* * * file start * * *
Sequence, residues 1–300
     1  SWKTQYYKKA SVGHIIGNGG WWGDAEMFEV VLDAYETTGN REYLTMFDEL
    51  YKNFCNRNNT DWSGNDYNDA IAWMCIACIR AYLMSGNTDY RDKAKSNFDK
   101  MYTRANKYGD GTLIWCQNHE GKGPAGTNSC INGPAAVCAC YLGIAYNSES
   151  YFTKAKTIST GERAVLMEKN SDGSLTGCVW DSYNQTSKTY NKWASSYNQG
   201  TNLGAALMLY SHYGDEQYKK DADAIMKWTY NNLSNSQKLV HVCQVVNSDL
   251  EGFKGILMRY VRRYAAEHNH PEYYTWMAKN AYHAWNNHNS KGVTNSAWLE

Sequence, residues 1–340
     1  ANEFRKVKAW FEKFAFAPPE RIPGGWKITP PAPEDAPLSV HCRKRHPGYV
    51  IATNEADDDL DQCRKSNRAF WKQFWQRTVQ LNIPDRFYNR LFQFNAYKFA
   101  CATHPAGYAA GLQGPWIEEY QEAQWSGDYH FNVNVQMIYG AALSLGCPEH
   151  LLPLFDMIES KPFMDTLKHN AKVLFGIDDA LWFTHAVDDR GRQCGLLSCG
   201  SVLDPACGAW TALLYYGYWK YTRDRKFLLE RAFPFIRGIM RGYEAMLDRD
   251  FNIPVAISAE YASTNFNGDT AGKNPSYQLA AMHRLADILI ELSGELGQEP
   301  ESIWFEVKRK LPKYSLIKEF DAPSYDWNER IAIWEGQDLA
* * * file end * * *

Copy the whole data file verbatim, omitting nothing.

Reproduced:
Sequence, residues 1–300
     1  SWKTQYYKKA SVGHIIGNGG WWGDAEMFEV VLDAYETTGN REYLTMFDEL
    51  YKNFCNRNNT DWSGNDYNDA IAWMCIACIR AYLMSGNTDY RDKAKSNFDK
   101  MYTRANKYGD GTLIWCQNHE GKGPAGTNSC INGPAAVCAC YLGIAYNSES
   151  YFTKAKTIST GERAVLMEKN SDGSLTGCVW DSYNQTSKTY NKWASSYNQG
   201  TNLGAALMLY SHYGDEQYKK DADAIMKWTY NNLSNSQKLV HVCQVVNSDL
   251  EGFKGILMRY VRRYAAEHNH PEYYTWMAKN AYHAWNNHNS KGVTNSAWLE

Sequence, residues 1–340
     1  ANEFRKVKAW FEKFAFAPPE RIPGGWKITP PAPEDAPLSV HCRKRHPGYV
    51  IATNEADDDL DQCRKSNRAF WKQFWQRTVQ LNIPDRFYNR LFQFNAYKFA
   101  CATHPAGYAA GLQGPWIEEY QEAQWSGDYH FNVNVQMIYG AALSLGCPEH
   151  LLPLFDMIES KPFMDTLKHN AKVLFGIDDA LWFTHAVDDR GRQCGLLSCG
   201  SVLDPACGAW TALLYYGYWK YTRDRKFLLE RAFPFIRGIM RGYEAMLDRD
   251  FNIPVAISAE YASTNFNGDT AGKNPSYQLA AMHRLADILI ELSGELGQEP
   301  ESIWFEVKRK LPKYSLIKEF DAPSYDWNER IAIWEGQDLA